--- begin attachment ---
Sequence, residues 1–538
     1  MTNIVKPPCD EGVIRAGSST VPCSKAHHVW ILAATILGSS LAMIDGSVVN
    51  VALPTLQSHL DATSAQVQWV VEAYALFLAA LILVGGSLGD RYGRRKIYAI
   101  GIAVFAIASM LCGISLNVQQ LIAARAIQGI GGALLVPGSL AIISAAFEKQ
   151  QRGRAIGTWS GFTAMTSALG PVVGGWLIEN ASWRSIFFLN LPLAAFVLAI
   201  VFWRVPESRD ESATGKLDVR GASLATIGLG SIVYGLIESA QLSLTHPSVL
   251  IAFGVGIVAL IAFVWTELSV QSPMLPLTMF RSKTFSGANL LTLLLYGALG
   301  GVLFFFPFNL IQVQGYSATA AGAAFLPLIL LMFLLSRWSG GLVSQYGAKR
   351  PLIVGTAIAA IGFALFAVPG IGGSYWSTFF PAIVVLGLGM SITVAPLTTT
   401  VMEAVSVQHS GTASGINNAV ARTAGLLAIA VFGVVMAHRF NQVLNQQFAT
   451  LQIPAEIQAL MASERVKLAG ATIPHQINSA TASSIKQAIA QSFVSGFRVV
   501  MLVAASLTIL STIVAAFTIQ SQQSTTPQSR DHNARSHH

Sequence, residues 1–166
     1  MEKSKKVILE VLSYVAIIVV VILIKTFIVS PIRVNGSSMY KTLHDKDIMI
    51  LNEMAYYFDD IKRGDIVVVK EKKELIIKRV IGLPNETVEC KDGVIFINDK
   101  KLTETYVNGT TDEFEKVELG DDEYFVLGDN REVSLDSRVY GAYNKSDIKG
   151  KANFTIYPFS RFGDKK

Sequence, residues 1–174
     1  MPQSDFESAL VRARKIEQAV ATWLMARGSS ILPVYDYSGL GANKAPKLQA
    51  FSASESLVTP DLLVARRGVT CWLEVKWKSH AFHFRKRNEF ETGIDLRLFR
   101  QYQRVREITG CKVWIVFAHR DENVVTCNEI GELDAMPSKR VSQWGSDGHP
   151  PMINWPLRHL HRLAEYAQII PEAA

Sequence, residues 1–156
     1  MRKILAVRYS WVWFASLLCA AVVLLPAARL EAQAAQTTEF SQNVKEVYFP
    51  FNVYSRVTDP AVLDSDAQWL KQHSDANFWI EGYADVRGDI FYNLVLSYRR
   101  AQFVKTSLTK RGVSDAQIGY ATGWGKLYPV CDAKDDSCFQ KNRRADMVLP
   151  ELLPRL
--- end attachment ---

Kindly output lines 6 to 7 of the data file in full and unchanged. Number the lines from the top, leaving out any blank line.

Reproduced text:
   201  VFWRVPESRD ESATGKLDVR GASLATIGLG SIVYGLIESA QLSLTHPSVL
   251  IAFGVGIVAL IAFVWTELSV QSPMLPLTMF RSKTFSGANL LTLLLYGALG